Ethan Allen ( ETH) chief executive Farooq Kathwari is working furiously to keep any dust from settling on the high-end home furnishings chain. Thursday found Kathwari at the New York Stock Exchange for the company's 75th birthday party. Though the celebration came a day after Ethan Allen reported a 6.7% decline in sales and a 13% drop in profit from the year-ago period, Kathwari was telling anyone who would listen that the recent numbers don't tell the whole story. "We have reinvented ourselves," Kathwari said in an interview with TheStreet.com. "A business that's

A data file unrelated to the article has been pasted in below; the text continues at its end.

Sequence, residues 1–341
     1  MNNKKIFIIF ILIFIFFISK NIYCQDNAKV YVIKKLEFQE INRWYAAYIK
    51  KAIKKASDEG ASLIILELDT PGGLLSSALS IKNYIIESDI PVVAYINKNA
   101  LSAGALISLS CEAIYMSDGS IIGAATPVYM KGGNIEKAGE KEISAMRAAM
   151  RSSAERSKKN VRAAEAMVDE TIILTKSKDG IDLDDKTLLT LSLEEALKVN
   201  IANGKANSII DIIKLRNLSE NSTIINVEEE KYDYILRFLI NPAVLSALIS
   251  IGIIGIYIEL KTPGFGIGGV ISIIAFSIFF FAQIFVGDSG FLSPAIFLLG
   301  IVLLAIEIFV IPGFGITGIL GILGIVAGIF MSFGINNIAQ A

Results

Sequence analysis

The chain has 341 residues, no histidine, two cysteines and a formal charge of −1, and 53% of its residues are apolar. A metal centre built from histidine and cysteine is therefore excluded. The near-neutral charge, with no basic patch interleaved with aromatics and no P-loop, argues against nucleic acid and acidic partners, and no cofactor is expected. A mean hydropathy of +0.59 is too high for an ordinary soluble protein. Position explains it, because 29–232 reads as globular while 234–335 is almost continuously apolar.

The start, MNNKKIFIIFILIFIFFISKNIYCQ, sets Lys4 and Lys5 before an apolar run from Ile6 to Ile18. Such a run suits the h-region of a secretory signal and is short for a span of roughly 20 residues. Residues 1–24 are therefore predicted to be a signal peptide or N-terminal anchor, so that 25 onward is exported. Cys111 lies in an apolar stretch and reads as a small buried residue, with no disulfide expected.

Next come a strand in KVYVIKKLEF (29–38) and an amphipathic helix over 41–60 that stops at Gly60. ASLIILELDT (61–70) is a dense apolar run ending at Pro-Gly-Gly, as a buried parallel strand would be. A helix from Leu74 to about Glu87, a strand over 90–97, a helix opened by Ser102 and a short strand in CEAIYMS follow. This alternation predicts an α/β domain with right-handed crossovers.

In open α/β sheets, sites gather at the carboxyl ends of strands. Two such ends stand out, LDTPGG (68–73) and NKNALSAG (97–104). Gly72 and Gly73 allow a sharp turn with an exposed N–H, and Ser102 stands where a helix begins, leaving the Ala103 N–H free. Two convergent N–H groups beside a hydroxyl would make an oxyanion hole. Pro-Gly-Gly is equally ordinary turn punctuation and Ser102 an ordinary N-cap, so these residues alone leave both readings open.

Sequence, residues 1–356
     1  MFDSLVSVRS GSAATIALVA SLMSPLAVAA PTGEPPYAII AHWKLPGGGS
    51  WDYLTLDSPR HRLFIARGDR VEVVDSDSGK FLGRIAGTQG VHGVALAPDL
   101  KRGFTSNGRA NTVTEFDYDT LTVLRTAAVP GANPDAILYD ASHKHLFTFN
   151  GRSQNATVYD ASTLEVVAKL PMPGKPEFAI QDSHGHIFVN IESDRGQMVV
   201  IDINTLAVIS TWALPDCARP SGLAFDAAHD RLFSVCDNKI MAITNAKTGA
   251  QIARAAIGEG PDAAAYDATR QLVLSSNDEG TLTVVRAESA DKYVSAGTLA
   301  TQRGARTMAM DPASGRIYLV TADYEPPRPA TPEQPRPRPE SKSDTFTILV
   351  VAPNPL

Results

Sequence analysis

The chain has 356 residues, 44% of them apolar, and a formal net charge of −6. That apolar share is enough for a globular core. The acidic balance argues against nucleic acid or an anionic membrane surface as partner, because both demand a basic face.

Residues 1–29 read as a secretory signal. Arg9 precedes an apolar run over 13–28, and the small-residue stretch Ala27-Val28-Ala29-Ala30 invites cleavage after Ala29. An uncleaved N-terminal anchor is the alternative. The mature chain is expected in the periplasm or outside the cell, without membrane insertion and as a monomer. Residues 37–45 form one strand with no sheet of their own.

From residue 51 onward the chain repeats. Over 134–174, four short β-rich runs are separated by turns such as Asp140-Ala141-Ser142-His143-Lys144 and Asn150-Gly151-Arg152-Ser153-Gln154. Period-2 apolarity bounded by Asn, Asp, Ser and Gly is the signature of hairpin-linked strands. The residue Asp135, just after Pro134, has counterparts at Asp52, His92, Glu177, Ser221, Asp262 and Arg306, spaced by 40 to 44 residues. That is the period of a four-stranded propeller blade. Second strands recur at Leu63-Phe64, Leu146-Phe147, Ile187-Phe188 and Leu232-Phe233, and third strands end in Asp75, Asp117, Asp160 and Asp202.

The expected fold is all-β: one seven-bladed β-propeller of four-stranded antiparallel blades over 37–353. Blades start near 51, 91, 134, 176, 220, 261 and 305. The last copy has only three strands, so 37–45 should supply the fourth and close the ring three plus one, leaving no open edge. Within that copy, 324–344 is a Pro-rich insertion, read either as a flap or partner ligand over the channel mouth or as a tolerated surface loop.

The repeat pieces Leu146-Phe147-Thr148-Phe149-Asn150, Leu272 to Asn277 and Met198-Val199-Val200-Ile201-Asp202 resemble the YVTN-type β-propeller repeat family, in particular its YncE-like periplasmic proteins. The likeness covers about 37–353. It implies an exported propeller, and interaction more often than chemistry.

this old can survive only if it reinvents itself." Ethan Allen started out in 1932 as a Colonial-style housewares manufacturer. But today the furniture chain has taken on a more contemporary look, while wholesaling and retailing its pieces worldwide. The Danbury, Conn., company now boasts about 310 stores, more than half of which are "design centers," staffed with consultants offering up so-called furnishing solutions. And though analysts worry about rising raw material costs, increasing competition from lower-cost competitors and the housing market's slowdown, Kathwari sees opportunity. "Service is the new luxury," said Kathwari, who joined the company as CEO in 1988. "And our business is based on providing solutions, from taking the concept of an idea to its final delivery." Tom Smith, an equity analyst at Standard & Poor's, agreed it is a concept that distinguishes Ethan Allen from rivals, such as La-Z-Boy ( LZB) and Furniture Brands ( FBN). Williams-Sonoma ( WSM) recently joined the mix, adding Williams-Sonoma Home, a higher-end home furnishings unit. Ethan Allen "has worked hard to create a brand identity," said Smith, who has a hold rating on the stock. "They're design centers, not just stores -- so then you're giving people an additional service."